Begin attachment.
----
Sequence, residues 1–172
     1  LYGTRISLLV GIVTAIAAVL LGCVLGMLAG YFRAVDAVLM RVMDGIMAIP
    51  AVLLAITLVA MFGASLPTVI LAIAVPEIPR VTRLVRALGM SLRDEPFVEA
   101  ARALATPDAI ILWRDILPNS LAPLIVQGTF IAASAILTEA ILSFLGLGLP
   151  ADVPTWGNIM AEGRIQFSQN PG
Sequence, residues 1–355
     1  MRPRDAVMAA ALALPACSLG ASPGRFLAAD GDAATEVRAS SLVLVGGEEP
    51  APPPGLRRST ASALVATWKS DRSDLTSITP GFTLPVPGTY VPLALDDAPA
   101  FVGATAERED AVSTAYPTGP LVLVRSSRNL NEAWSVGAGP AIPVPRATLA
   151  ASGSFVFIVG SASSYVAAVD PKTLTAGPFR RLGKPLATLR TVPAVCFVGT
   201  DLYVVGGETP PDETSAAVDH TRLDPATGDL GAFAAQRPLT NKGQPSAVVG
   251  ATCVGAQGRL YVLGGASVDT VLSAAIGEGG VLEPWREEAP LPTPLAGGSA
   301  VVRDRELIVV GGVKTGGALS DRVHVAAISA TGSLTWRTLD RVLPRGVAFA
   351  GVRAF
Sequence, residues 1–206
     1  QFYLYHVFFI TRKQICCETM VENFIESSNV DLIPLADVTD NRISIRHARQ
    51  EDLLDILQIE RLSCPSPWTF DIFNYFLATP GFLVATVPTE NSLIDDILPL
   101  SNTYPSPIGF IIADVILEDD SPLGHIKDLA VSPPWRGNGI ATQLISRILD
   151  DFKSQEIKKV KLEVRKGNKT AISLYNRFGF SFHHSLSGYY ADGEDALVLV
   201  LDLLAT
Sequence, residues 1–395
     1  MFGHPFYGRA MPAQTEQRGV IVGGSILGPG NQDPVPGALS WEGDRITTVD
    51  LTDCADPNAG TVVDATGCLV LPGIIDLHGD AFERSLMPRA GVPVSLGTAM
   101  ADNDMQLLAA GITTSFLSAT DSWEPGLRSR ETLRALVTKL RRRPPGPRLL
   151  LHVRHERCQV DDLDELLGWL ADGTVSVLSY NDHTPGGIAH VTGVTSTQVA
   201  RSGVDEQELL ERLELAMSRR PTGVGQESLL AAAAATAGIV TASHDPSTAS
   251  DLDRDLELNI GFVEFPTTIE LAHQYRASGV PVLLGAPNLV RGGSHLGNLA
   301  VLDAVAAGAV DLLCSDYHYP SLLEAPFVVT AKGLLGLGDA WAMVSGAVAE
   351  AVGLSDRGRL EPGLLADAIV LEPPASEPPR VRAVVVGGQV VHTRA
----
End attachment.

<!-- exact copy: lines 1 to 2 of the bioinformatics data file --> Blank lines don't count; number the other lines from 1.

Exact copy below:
Sequence, residues 1–172
     1  LYGTRISLLV GIVTAIAAVL LGCVLGMLAG YFRAVDAVLM RVMDGIMAIP